As someone that experienced both Hurricane Andrew and Wilma in South Florida, the devastation can be literally terrifying. People are misplaced, homes are lost and (if you are an animal lover) your pets can be gone — forever. It’s simply a tragedy.
Unless you have lived through one of these natural disasters, it’s almost difficult to imagine what these people are going through.
We can send our prayers, donate through a text and send food and clothing through organizations, but what if you have housing that is standing and available? What if you have more than you need? What if you are even a man of God? What if you preach about taking care of neighbors? Then Hurricane Harvey hits your area — and you don’t open your arms to people in need?
What happened to Joel Osteen? The man that most people love to get spiritual inspiration from? The man that always has some analogy that can lift you up? Did he forget what he preaches?
Although I’m not a proponent of online shaming, in some cases, this is all we have. It was days of the public social media shaming that woke-up Joel Osteen to open-up his doors.
In Shame Nation we discuss another case where cyber-shaming was all we had.
The name Brock Turner first entered the national consciousness when the Stanford undergraduate was convicted of raping an unconscious twenty-two-year-old woman behind a frat-house dumpster. The anonymous victim wrote an impassioned letter that managed to stoke an entire nation’s sympathy. Outrage only grew after Judge Aaron Persky doled out a paltry three-month sentence. “Shame on you,” one irate juror supposedly wrote in a letter to the judge.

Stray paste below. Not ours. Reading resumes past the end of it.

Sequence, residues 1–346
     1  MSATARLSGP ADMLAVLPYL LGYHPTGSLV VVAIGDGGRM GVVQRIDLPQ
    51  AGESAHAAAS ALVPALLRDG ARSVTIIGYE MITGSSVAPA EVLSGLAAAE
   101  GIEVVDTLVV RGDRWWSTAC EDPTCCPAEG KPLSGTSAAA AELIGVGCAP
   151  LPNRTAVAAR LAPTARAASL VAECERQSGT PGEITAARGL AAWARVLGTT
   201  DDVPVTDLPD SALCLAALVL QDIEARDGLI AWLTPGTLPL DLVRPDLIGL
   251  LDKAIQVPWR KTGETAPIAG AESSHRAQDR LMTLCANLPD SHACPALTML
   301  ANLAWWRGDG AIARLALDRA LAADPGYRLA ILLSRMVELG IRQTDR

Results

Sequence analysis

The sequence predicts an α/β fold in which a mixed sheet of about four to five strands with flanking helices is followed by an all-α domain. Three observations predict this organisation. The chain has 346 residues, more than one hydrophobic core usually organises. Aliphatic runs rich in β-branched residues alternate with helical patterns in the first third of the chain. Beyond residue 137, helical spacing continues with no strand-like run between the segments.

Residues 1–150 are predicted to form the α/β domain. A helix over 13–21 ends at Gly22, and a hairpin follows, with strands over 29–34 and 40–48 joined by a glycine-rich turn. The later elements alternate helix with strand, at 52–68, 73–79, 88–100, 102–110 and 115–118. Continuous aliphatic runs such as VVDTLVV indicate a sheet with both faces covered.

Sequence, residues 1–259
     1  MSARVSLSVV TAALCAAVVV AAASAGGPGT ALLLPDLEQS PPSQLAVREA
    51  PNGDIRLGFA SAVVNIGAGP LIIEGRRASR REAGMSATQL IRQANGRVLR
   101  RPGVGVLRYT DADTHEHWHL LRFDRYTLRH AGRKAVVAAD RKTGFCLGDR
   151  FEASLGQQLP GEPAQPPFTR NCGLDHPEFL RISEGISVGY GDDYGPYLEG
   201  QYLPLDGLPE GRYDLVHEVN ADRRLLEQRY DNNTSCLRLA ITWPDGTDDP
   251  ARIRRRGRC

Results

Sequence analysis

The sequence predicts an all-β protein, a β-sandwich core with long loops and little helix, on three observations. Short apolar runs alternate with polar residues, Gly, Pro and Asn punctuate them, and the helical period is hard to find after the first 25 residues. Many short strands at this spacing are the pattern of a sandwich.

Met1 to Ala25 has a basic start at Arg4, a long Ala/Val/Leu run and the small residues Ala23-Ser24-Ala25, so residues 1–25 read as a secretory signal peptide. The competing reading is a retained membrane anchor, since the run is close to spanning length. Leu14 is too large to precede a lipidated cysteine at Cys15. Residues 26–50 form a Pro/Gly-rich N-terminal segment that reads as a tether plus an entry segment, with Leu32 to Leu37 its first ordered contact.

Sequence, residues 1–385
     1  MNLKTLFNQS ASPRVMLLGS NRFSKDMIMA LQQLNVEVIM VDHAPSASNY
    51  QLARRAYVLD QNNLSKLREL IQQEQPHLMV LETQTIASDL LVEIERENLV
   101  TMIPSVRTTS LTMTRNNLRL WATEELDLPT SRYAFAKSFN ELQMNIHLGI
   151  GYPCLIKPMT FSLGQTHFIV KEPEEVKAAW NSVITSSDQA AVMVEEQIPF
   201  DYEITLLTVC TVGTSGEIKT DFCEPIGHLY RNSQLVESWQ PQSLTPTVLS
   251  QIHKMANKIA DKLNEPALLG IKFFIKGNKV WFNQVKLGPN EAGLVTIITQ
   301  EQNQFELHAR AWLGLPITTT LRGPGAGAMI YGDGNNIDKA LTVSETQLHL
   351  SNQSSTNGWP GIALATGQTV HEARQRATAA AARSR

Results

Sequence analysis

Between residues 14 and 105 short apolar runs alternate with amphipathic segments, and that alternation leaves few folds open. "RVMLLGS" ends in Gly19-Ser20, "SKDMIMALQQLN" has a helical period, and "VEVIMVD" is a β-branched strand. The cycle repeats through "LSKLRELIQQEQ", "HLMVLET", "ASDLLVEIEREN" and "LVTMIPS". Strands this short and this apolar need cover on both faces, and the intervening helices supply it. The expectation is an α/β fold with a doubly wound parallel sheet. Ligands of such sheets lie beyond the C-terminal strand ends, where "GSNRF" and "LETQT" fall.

Stymied, we the people felt that our legal system had failed.We raged, we blogged, we vented, but finally, all that was left was to enact vigilante justice. And so Brock Turner was essentially sentenced to social media jail, ensuring that at least his reputation would be destroyed for all eternity. Upon his release three months later, the shaming resumed, with Facebook memes of Brock’s smiling headshot, superimposed with the words my name is brock i’m a rapist, reaching more than a million shares.14 Facebook pulled some of the posts, citing its antibullying policy, then reinstated them, stating that protection does not apply once people have entered the “public interest.”
Shaming was all the public had, and it will have to be enough.
What did Joel Osteen endure?
As of August 29th, Joel Osteen, after the public outrage, opened his Lakewood facility. It’s a shame he didn’t do it immediately.